Parler filed a response to Amazon Web Services on Wednesday in its lawsuit against the Seattle-based retail giant, arguing that a representative with Amazon didn’t care about the content moderation, but was only concerned with allegedly silencing President Donald Trump.
It came after Amazon Web Services (AWS) said in court that the company displayed an “unwillingness and inability” to remove violent content after the firm suspended Parler from its web-hosting services on Monday morning.
“In completely shutting down Parler’s ability to retain its millions of users, attract advertisers, or generate any revenue, AWS has knowingly inflicted lasting damage to what was, until very recently, a thriving business,” Parler’s filing late on Wednesday read (pdf).
The document cited text messages between an AWS representative and Matze.
Amazon “expressed no concerns with Parler’s content moderation,” according to the filing, adding that the same Amazon “representative repeatedly asked whether the President had joined or would join Parler now that he was blocked by Twitter and Facebook.”
Following the breach at the U.S. Capitol building, many have faulted President Trump’s speech to protesters. Twitter, Facebook, and other Big Tech firms quickly suspended his respective accounts. It’s unclear if Trump had ever joined Parler, which has billed itself as a “free-speech” social media platform and was favored by conservatives.
“After Twitter banned President Trump on January 8, the increased new users and activity caused Parler to go down for seven hours, resulting in a backlog of 26,000 instances of content that potentially encouraged violence,” said the court filing. But, according to the company, Parler then “was able to systematically remove almost all of this content, which progress was reported to AWS, and within 48 hours by the end of Sunday—when AWS shut Parler down—Parler had removed all but some 1,000 problematic posts.”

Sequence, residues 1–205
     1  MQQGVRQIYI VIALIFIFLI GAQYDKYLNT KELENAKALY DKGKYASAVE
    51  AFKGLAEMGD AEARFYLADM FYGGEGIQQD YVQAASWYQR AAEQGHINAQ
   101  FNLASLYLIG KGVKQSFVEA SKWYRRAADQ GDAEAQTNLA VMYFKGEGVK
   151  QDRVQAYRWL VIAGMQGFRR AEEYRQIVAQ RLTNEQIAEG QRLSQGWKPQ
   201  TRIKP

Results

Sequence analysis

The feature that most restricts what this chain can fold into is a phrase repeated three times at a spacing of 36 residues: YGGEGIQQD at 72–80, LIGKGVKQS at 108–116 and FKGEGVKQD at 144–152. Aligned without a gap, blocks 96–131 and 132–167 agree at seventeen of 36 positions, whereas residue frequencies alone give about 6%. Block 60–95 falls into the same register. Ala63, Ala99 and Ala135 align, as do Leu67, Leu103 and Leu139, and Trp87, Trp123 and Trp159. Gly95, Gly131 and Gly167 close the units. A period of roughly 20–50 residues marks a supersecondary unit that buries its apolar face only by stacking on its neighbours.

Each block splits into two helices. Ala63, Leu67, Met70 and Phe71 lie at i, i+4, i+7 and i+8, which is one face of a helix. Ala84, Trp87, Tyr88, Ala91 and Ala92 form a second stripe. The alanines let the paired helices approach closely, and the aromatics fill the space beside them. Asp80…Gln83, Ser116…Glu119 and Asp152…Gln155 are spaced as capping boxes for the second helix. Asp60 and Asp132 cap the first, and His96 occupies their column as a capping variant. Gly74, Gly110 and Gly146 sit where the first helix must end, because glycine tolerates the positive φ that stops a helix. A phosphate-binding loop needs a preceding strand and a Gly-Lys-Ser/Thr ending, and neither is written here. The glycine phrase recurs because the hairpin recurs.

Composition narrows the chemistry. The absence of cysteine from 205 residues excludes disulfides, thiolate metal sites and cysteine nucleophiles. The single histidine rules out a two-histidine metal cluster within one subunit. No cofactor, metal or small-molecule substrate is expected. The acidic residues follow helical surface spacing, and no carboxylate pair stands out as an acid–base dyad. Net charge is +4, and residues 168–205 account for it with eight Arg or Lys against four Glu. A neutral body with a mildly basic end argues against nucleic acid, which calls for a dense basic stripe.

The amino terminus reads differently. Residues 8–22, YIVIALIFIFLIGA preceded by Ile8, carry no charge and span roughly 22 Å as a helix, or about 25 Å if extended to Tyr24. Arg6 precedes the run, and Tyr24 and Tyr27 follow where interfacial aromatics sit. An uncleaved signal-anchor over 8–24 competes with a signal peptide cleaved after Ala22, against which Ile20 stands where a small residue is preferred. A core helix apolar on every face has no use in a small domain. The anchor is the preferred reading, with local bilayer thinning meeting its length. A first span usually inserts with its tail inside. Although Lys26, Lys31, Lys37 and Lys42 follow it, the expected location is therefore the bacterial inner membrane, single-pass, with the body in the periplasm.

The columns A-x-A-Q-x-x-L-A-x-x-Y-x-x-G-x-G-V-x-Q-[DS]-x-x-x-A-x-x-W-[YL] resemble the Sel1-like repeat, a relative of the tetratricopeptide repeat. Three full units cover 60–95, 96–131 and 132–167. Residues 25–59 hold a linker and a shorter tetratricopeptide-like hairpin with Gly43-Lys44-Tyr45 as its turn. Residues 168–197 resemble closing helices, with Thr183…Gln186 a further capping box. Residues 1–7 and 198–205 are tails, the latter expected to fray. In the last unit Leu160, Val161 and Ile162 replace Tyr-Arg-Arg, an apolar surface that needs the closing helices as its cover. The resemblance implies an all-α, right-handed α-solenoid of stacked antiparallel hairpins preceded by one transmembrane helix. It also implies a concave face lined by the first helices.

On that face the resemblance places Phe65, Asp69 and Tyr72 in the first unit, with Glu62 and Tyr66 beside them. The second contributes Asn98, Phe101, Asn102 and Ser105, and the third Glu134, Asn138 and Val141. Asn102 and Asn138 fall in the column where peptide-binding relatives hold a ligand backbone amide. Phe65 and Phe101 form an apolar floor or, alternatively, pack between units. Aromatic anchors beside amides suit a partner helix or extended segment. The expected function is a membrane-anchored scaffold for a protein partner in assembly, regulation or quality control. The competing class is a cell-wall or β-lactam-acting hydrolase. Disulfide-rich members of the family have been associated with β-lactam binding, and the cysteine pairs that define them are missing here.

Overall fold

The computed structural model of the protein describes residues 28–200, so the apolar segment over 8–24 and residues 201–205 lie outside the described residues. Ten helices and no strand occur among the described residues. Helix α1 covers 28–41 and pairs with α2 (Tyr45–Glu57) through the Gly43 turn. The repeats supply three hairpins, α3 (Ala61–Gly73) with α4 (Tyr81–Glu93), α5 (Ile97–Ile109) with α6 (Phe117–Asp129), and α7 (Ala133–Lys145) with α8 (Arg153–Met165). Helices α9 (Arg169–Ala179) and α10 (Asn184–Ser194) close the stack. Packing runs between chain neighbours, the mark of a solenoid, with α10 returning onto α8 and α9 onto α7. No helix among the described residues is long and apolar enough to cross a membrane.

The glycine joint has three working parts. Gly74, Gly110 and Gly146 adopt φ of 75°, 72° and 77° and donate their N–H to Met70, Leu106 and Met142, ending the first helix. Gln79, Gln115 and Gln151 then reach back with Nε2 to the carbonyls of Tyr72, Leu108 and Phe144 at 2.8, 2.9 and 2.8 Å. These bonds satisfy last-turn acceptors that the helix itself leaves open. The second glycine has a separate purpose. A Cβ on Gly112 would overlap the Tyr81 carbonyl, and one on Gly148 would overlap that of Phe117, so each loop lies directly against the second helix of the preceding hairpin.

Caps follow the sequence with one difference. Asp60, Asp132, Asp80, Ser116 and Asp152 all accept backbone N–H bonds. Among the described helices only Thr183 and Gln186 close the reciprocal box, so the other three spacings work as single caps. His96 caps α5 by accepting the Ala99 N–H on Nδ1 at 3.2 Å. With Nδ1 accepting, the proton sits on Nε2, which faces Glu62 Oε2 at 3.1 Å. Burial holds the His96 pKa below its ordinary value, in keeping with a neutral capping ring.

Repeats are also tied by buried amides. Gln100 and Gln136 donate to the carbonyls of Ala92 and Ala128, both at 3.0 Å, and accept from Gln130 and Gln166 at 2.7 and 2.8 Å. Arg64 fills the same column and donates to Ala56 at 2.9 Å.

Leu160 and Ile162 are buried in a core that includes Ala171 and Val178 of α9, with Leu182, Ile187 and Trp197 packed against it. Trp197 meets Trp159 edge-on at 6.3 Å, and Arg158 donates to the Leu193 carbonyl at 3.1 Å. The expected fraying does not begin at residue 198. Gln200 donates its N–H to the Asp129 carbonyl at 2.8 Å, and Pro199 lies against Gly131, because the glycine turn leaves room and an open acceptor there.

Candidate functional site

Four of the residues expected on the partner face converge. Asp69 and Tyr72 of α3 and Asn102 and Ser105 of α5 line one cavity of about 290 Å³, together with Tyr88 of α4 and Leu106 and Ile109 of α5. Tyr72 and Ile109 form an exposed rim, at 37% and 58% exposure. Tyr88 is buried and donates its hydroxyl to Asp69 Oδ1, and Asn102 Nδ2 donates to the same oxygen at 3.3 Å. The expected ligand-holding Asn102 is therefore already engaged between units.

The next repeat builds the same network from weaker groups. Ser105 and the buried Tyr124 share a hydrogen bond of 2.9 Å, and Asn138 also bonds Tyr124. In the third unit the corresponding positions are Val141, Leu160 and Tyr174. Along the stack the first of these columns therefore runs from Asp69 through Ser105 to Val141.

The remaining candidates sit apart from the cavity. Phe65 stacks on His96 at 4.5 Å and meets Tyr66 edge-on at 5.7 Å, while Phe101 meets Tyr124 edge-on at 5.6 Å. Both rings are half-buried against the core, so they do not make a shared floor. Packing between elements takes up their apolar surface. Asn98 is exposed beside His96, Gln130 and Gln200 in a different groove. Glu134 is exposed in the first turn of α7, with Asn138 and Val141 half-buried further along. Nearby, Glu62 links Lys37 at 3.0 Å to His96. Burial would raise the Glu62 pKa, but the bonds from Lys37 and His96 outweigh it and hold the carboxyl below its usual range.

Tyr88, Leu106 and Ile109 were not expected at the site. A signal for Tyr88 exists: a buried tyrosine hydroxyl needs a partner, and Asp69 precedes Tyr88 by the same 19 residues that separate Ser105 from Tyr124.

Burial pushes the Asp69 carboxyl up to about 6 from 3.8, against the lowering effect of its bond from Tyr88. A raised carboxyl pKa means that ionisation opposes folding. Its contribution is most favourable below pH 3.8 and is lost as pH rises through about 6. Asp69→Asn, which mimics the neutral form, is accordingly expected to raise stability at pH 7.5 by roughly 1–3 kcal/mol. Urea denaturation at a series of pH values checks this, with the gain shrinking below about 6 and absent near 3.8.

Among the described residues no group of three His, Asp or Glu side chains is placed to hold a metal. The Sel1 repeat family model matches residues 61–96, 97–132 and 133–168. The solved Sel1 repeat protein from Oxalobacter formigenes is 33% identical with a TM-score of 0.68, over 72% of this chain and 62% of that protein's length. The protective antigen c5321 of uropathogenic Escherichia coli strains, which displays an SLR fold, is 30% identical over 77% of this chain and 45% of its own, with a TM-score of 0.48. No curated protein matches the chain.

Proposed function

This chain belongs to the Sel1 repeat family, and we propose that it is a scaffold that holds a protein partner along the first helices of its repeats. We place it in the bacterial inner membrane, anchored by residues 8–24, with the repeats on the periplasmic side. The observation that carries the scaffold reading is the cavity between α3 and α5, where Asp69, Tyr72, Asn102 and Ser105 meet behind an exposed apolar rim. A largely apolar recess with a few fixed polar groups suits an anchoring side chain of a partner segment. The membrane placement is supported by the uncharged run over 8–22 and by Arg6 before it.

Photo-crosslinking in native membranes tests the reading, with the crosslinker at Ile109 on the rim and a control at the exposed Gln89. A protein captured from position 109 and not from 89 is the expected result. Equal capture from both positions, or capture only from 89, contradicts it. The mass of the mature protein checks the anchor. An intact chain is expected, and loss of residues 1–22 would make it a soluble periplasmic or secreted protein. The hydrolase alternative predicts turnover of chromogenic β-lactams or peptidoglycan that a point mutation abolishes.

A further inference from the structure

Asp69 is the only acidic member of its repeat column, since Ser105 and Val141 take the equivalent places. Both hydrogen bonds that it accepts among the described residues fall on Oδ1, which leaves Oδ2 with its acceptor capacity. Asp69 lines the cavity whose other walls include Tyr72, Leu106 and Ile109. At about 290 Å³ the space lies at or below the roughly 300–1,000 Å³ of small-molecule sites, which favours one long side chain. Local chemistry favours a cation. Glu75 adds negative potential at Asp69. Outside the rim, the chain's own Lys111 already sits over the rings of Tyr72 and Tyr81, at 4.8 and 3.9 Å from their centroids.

The firm noted that it was going to add additional provisions to moderate content, but it argued that Amazon appeared not to listen.
The filing also revealed that Parler’s operators had hope that it could find another online host to recover from the AWS shutdown.
“The effects of AWS’s actions have proven much more catastrophic,” Parler’s filing said. “The notoriety and fallout from the break-up have driven away current and potential business partners, utterly frustrating Parler’s pre-termination plans to quickly replace and recover from AWS.”
The initial lawsuit sought to restore Parler’s service with AWS and claimed the Seattle-based company broke its contractual agreement.
Amazon disagreed with that claim.
“This case is not about suppressing speech or stifling viewpoints. It is not about a conspiracy to restrain trade,” Amazon Web Services said Wednesday. “Instead, this case is about Parler’s demonstrated unwillingness and inability to remove from the servers of Amazon Web Services (AWS) content that threatens the public safety, such as by inciting and planning the rape, torture, and assassination of named public officials and private citizens.”